Redevelopment can feel like winning a lottery, if all goes according to plan. Your old home is replaced by a bigger one, your dry patch of compound gets a lush garden, if not a swimming pool or club house too. It feels like you’ve moved, without the hassle of having to relocate.
In a city with virtually no undeveloped space left and one that still has such a low ceiling for vertical growth, redevelopment offers a mutually beneficial way out by giving existing residents a new space and allowing the builders who create the new space to sell the extra flats they build on the open market, for a profit. So what does it feel like to move into your dream home, right where your old home used to be?
SPACE AND AMENITIES
Computer engineer Salil Naik’s building, Shreepati Castle, in Grant Road, opted for redevelopment in 2005 and work was completed in 2014.
“We are quite happy with the redevelopment. The new flat has more space. Earlier, our was a 1BHK but now we have two bedrooms and a separate storage area too. The flooring and wiring are also much better now,” says Naik, 27.
“The biggest benefit is that we now have a bathroom in each flat. Earlier, there were two shared bathrooms on each floor. This was a huge problem.”
Naik’s neighbour Mallika Mhapsekar, 29, a PhD student, agrees. “Earlier, there were open drains around and the area would stink all the time. After redevelopment, life is much better,” she says.
Businessman Anil Ghuge’s Gautam Housing Cooperative Society in Borivali (West) was almost 25 years old. The walls had developed cracks and the pipes were leaking, so the residents opted for redevelopment.
“We wanted a modern look for our houses but not everyone in the building could bear the expense. So we roped in a builder. Work started in 2013 and we got possession this year. We are very happy with the work,” says Ghuge, 39. “We now have a 2BHK and better ventilation with big sliding windows in the new flat. Most importantly, we have a lift and parking space.”
“We have a lot more parking space. Shortage of parking space was a major problem. Many new amenities such as a gym and party hall have been introduced,” he says. “My children are very happy with the new house. Having a gym in the building is a big benefit.”
Work on his building started in 2013 and was completed in 2015. The society decided to go in for redevelopment because the residents wanted larger houses, Gandhi says.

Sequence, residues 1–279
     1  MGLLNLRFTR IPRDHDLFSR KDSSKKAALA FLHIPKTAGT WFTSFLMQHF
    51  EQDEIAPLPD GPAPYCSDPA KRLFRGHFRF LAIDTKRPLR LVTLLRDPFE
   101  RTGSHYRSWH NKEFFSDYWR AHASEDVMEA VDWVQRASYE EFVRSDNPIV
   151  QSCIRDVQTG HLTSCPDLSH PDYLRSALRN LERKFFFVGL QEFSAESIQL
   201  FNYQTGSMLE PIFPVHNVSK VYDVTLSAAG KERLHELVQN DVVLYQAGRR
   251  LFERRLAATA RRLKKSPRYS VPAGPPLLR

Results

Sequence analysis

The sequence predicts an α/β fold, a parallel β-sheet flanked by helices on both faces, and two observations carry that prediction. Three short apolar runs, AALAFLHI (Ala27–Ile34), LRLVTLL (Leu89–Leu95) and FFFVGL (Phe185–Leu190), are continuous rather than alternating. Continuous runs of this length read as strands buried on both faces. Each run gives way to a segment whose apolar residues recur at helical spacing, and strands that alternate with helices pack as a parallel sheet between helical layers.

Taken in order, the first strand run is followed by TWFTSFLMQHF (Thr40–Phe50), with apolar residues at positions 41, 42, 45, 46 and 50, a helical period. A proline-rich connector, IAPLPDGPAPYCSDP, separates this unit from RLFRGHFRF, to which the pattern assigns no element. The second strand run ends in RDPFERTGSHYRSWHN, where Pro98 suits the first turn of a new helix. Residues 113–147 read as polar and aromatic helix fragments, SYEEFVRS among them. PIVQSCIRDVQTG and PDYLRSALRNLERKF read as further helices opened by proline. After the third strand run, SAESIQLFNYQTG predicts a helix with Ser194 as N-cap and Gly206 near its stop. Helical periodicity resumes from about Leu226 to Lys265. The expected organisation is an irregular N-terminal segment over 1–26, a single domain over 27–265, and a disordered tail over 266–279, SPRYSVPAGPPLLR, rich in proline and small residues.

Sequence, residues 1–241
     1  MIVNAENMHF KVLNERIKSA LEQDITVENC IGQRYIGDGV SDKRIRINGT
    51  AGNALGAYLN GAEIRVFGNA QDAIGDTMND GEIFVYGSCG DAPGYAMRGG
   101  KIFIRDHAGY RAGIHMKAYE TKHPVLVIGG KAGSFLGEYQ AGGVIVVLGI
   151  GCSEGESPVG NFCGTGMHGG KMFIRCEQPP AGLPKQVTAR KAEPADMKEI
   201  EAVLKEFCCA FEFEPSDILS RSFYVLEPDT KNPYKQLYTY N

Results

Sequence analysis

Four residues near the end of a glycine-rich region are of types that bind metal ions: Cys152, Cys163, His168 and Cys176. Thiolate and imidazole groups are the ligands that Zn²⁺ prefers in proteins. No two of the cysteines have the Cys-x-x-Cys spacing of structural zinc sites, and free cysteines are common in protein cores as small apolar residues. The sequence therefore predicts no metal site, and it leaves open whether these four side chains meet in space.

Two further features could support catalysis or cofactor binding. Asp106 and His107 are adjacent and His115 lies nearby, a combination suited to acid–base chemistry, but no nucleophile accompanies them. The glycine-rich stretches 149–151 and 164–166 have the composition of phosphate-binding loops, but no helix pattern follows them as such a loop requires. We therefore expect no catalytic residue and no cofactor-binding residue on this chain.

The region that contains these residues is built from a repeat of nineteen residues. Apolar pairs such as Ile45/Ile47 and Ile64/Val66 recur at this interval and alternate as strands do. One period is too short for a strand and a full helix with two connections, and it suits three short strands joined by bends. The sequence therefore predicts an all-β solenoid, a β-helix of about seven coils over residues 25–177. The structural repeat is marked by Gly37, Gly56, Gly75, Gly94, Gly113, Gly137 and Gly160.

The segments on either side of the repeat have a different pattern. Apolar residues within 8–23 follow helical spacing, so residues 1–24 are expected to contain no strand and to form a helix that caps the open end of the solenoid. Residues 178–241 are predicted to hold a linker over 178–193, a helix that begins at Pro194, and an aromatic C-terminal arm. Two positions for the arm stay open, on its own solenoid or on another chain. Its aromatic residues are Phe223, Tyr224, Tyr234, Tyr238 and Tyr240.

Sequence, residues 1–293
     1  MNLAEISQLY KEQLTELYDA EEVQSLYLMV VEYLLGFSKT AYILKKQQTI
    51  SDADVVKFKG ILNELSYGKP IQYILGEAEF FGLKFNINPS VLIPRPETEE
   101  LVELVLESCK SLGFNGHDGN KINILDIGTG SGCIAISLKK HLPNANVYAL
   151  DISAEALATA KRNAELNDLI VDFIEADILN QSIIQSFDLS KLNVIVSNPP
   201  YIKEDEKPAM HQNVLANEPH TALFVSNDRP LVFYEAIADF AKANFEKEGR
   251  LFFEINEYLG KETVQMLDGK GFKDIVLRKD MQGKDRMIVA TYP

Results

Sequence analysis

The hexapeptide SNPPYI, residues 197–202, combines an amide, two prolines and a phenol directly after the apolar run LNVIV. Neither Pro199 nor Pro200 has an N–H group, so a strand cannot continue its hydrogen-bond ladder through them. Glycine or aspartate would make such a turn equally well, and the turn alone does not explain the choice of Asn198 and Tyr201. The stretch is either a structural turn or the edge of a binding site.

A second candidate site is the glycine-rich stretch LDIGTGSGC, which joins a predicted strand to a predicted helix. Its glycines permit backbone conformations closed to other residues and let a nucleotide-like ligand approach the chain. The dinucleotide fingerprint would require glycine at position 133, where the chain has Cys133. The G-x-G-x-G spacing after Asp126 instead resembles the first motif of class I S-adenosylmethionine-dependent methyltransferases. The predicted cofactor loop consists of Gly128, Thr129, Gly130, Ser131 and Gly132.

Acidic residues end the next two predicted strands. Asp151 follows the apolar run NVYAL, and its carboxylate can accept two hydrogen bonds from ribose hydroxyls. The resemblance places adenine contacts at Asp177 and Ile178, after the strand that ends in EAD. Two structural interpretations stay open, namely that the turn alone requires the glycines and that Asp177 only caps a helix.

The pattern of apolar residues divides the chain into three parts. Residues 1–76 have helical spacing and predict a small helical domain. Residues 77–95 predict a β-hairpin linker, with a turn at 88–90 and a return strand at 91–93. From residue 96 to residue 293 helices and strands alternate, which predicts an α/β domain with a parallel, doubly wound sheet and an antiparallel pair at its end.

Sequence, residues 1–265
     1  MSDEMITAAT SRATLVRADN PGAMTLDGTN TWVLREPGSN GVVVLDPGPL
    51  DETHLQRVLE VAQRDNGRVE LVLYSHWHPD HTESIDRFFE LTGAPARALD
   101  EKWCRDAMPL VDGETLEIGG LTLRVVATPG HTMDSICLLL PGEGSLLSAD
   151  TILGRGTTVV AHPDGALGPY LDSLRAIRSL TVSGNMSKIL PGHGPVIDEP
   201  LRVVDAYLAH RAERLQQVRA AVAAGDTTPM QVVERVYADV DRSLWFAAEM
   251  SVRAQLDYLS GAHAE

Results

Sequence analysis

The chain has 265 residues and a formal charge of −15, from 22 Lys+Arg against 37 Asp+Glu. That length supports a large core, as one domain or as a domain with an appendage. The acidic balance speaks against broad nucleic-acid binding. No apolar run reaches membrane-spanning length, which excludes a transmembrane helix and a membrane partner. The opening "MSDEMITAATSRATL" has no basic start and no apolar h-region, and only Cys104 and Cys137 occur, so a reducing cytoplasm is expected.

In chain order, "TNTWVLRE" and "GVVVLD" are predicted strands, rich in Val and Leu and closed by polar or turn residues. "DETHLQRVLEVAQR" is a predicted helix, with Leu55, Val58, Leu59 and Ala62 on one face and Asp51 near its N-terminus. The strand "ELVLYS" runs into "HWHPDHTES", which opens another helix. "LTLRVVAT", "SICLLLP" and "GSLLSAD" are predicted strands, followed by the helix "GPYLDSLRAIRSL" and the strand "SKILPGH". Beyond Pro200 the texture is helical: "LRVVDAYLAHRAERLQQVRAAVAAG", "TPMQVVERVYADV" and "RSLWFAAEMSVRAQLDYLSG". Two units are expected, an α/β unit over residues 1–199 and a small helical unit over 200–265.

Redevelopment has given a new identity to many old and obscure buildings.
Consultant Anil Pande’s building, Nav Chetna in Ghatkopar (East), was 40 years old and there were many cracks in it. Water leakage was another problem. “Also, the design of the building was old-fashioned. Today, after redevelopment, the building is considered a landmark in our area and has been renamed Mayfair Mystic,” he says.
“My flat, which I had purchased in 2000, was in very poor condition. The redevelopment started in 2005 and we got possession this September.”
There have been many benefits, Pande says. “Our apartment, which was earlier a 1BHK, now has two bedrooms. Two lifts have been added and a fully air-conditioned reception area with proper seating arrangement has been built. There were problems in the old flat but we did not want to leave the locality or the house where we have lived for years, so redevelopment was the only solution. Everybody in the building is happy now,” he adds.
While the building was being redeveloped, the society members had arranged for alternative accommodations but the rent was paid by the builders.
Nalin Sheth, 73, a retired professional is happy that he got his redevelopment house really fast.
“Our building, Navjyoti in Kandivali (West), went in for redevelopment in 2014 and was ready by 2016. Our new flat is bigger and the flooring has been improved and more windows added. Also, two lifts have added which is very good for senior citizens like me.”
The redevelopment process may not always be perfect, so it’s important to be involved and communicate well with your builder to ensure all terms are met on both sides.
“After redevelopment, we were not allotted parking spaces,” says Naik from Grant Road.
“Also, we do not have a terrace now. The terraces have been broken and the space has been used to build a swimming pool, which is being used by residents of a nearby 47-storey building.”
Deepa Gahlot, a theatre critic whose building in Santacruz (West) went in for redevelopment in 2014, says she was happy their new homes were handed over on time. “There is also additional space. But we are not satisfied in terms of comfort and convenience. My earlier apartment had higher ceilings, a bigger kitchen and a balcony, which we used for drying clothes and as a storage space,” she adds. “In the redeveloped home, there is no balcony. This is a huge drawback. Instead, we now have glass walls. The kitchen is also smaller. One good thing is that the building now has a lift.”
Utkarsh Jani, a project management consultant with builder Edifice Erection, says most societies opt for redevelopment is that residents want more space in their houses.
“A large number of buildings in the city are in a bad state. This is because either these buildings are very old or have suffered damages due to weather conditions. Redevelopment is the best option for such buildings. This will enable the families to enjoy modern amenities while living in the warmth of their old locality,” he says.
“Many buildings in Mumbai were constructed in 1980s and ‘90s and so they need to be redeveloped now,” says Pranav Ashar, 32, executive director, Pranav Construction Pvt Ltd. “During redevelopment, various amenities such as parking spaces, lifts, gyms, community halls etc are added to old buildings. This is a great benefit. Also, as per the Brihanmumbai Municipal Corporation, the redeveloped buildings have to be earthquake resistant. This is another benefit for those living in old houses.”